Artist’s Statement

Living Things critiques the depiction of gender and science in Cold War era B-movies. In these films, women are victimized as science goes horribly awry. Yet, representational violence is veiled by absurdity. This experimental video highlights the cultural anxieties, shifting gender roles and scientific progress, which fostered these representations.

I intercut original digital video with appropriated clips from films such as Shock (1946), The Wasp Woman (1959), and *The Brain That Wouldn’t Die** (1962) to create a layered narrative. Primarily, digital video introduces visual motifs that ground the story in universal themes. This symbolism ranges from the biblical tree of knowledge to an earth mother figure that embodies fertility. My color footage also provides a contrast to the appropriated black-and-white clips, enabling me to incorporate visual textures and patterns.

In these Cold War era B-movies, America’s fledgling suburban lifestyle is threatened by destabilized gender roles and unrestrained scientific advancement. These films are cautionary tales that meld superstition and representational violence, depicting women as human guinea pigs. A psychiatrist in Shock uses insulin shock therapy to torment a war veteran’s wife. The Wasp Woman features a cosmetics innovation that transforms an aging woman into a deadly wasp. A surgeon keeps his wife’s severed head alive against her will, as he stalks potential body donors, in The Brain That Wouldn’t Die.

On the surface, mad doctors subjugate women through quasi-scientific experiments. Yet, I subvert these depictions with archival film clips that illustrate the socio-political sphere. For instance, Shopping Center & Supermarket (1958) and Fashion on Parade (1930s-1960s) promote consumerism and beauty ideals. Hygiene for Women (1964) advocates marriage and parenthood as the “desirable pattern.” History of U.S. Foreign Relations (1940s-1970s) reinforces the implied relationship between war and madness.

The representational violence in Shock, The Wasp Woman, and The Brain That Wouldn’t Die is often obscured by melodrama. In addition, these films escape critical attention due to their secondary economic status and inferior production values. Living Things is a theoretical work that interrogates these texts by situating them in new representational patterns.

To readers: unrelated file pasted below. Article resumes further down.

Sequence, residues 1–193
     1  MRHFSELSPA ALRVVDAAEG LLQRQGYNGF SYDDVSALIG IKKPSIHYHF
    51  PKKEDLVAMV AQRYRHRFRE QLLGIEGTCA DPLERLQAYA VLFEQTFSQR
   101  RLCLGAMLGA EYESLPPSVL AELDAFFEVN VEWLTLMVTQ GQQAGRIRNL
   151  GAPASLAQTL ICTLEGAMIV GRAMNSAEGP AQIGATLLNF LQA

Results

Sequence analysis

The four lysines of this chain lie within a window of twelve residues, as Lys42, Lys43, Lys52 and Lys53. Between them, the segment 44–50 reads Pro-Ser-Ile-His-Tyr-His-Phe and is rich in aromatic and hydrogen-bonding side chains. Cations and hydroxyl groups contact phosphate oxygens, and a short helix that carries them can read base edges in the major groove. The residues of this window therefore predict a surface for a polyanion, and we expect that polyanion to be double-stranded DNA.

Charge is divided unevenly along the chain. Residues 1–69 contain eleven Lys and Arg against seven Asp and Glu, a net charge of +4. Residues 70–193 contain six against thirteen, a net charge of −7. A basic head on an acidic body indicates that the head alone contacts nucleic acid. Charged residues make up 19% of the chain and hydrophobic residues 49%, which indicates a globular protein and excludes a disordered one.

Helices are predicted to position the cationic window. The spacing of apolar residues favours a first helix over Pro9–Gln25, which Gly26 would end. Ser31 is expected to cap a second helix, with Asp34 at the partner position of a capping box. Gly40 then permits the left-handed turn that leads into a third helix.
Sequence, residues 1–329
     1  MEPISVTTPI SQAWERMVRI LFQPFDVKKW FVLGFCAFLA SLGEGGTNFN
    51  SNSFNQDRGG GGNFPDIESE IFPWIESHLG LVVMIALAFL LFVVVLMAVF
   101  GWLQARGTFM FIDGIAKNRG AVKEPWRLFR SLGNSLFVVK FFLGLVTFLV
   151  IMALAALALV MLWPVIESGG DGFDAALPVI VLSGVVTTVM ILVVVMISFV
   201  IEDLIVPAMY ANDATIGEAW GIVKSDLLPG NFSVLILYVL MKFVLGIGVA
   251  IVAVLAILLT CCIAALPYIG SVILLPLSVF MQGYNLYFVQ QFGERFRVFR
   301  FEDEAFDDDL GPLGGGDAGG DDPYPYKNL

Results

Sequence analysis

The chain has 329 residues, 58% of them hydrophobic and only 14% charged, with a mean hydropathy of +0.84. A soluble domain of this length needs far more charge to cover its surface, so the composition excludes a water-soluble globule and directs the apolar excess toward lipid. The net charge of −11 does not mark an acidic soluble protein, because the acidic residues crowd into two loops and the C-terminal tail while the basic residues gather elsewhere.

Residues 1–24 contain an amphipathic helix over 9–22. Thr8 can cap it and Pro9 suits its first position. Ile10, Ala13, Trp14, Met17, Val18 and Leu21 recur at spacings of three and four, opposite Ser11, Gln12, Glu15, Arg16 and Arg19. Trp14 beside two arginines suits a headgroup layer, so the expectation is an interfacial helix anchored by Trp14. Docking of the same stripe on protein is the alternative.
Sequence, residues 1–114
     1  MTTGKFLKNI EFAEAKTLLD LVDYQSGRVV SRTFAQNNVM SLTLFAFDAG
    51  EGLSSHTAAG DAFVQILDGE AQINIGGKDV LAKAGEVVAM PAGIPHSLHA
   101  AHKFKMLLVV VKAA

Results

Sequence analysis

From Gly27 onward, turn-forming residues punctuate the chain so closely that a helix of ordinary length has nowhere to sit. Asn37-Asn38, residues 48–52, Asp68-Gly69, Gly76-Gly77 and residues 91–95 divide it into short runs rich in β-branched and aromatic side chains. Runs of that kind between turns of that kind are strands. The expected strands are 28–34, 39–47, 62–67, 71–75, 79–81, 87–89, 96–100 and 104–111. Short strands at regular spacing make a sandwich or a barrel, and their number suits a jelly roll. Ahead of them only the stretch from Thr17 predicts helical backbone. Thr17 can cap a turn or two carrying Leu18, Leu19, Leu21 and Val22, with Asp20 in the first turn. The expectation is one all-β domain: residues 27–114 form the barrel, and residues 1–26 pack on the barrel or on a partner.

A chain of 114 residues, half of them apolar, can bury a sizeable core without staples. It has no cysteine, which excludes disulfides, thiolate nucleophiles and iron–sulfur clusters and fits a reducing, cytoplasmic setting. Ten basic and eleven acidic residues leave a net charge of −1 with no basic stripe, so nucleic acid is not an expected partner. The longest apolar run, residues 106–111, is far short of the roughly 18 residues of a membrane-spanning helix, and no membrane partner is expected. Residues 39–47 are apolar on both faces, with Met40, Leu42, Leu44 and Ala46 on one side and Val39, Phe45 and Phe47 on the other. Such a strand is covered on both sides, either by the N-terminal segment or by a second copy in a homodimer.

About the Author: 

Tom Grochowski has published on topics ranging from Woody Allen, Sex and the City, the Marx Brothers, and web sites devoted to the O.J. Simpson murder trial. His most recent article, ” ‘The Poo Quotient Needs to be higher’: Horrible Histories and the Carnival of Children’s Television Programming,” was published in the 2016 anthology Children’s and Young Adult Literature: A Mosaic of Criticism, ed. Amie Doughty (Cambridge Scholars Publishing). He currently teaches American Literature, film, and media studies at St. Joseph’s College, where he Associate Chair of the Department of English. He is currently on the MAPACA advisory board. He earned his PhD from New York University’s Department of Cinema Studies; he also holds an M.F.A. in Creative Writing from Brooklyn College, where he studied with Allen Ginsberg. He lives in Brooklyn with his wife two daughters, and dog.

Volume 1, Issue 2

Features in this issue

IN REVIEW: The War Game Files

Kevin M. Flanagan, Ph.D.
University of Pittsburgh
From the Editors: June 2017